This week saw the Hammersmith Society’s annual awards ceremony. It was a glamorous event at the Dorsett Hotel in Shepherd’s Bush Green – which was mercifully air conditioned.
The Wooden Spoon was given to “BT telephone kiosks with advertisements that have recently appeared on the borough’s street are notable for their ugliness and, in the era of mobile phones, lack of purpose except as an undisguised method of achieving revenue from advertising.”
I am old enough to remember when phone boxes were in great demand. You would often seem them in use. Sometimes you would even see small queues forming next to them. There would be comedy sketches about how impatient people were.
If the K6 Jubilee Kiosk designed by Giles Gilbert Scott in the 1930s was still present I wouldn’t mind if nobody used them. Or if the replacement ugly structures provided some practical benefit (perhaps charging points for mobile phones) that would also be a potential justification. But why do the Council back something that is both useless and hideous? I await their defence of the indefensible….
I have also asked the Council about a runner up for a wooden spoon regarding a cluster of confusing cycling signs in Iffley Road.
But the evening was not all about phone boxes. Far from it. Here is the full list:
The Hammersmith Society today announced this year’s winners of its prestigious Awards, presented by Cllr Michael Cartwright, Mayor of Hammersmith and Fulham at its AGM on Wednesday 21 June.
Main Award — King’s House, 174 Hammersmith Road, W6
This was originally the site of the King’s Theatre demolished in 1963. This new building is an unusually fine and distinguished office building, modest in height, beautifully detailed and in keeping with its location within the Brook Green Conservation Area.
Developer: Kier Property
Architect: TP Bennett
There were two Nancye Goulden Awards this year —
20 St James Street, W6
This is a rather quirky but original conversion and extension of the former St Mark’s C of E church into offices. These currently house the headquarters of the Maggie’s Centres and a sales office for the nearby Riverside Studios development. The observatory, with its automated telescope and which was part of the original design, was made in Jackson Mississippi and shipped from New Orleans.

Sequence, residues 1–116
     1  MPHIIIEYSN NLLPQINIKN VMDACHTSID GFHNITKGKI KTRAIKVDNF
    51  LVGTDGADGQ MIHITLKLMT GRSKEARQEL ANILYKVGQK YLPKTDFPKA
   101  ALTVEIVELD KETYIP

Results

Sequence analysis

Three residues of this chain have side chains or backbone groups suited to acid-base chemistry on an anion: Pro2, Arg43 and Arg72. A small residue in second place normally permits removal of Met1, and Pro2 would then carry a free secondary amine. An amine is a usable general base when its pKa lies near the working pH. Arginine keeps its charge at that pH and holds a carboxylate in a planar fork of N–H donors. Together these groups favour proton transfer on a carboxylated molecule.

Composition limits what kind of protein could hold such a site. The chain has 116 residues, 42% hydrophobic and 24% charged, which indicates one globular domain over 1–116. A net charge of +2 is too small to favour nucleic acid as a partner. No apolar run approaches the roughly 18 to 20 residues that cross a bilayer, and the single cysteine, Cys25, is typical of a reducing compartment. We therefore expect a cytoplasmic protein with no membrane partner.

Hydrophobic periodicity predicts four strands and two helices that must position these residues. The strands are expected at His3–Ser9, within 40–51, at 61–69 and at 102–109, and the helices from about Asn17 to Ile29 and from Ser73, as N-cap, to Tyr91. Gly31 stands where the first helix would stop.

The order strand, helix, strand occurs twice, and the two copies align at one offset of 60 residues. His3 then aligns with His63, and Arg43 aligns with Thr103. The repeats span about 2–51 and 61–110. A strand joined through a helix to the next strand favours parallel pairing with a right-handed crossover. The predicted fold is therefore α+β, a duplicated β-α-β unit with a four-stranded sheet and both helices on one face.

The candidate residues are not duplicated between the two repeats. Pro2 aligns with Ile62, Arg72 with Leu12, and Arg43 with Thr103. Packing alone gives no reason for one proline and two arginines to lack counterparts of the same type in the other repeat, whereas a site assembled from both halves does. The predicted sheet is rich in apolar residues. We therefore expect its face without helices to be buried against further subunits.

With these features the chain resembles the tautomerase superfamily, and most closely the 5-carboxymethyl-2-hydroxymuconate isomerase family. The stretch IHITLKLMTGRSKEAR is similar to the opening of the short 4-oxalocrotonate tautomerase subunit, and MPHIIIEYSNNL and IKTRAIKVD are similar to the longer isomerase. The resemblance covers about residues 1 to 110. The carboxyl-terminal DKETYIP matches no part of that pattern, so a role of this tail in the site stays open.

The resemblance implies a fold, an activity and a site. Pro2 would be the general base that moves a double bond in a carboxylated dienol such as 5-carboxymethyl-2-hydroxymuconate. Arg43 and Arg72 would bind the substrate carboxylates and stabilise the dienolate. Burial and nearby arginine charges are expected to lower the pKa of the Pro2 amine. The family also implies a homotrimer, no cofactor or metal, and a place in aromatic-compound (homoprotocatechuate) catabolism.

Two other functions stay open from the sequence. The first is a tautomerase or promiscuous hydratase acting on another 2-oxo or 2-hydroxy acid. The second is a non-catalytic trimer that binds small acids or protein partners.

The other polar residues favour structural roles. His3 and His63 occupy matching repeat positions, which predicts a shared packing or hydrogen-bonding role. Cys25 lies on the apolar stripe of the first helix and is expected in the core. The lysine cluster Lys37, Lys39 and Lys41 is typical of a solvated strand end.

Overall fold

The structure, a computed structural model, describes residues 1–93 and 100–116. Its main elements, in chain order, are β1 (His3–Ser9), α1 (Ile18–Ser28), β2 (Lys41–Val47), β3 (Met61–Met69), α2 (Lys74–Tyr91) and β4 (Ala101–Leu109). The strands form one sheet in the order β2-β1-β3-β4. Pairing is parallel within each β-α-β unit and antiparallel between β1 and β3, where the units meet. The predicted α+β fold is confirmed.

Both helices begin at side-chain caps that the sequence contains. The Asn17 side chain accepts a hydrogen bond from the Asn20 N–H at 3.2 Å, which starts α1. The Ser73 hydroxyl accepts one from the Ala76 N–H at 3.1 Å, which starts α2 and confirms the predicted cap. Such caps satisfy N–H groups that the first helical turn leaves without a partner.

Developer and Architects: Michael Dunning and Elizabeth Swainston
Queen Caroline Estate, W6, climate proofing project
This is a wide ranging project in its ambitions and is one of three involving west London housing estates aimed to demonstrate the important role they can play in increasing our cities resilience to climate change.
Developer: London Borough of Hammersmith and Fulham
Architect: Groundwork London
Conservation Award — Bush Theatre, Uxbridge Road, W12
Although the work done recently on the Bush Theatre involved more than just conservation, the Committee felt that the whole of the Bush Theatre project deserves an award. The modernization and conversion, including a wheelchair entrance and garden terrace on the west side, has ensured that the building is now fully functional and more flexible while retaining its informality and the eccentricities of the original building.
Developer: Bush Theatre
Architect: Haworth Tomkins
BT telephone kiosks with advertisement that have recently appeared on the borough’s street are notable for their ugliness and, in the era of mobile phones, lack of purpose except as an undisguised method of achieving revenue from advertising.
The flats above Apple Estate Agents, King’s Parade, Askew Road, W12, are crudely designed without any reference to the refined detailing of King’s Parade to which they are adjoined.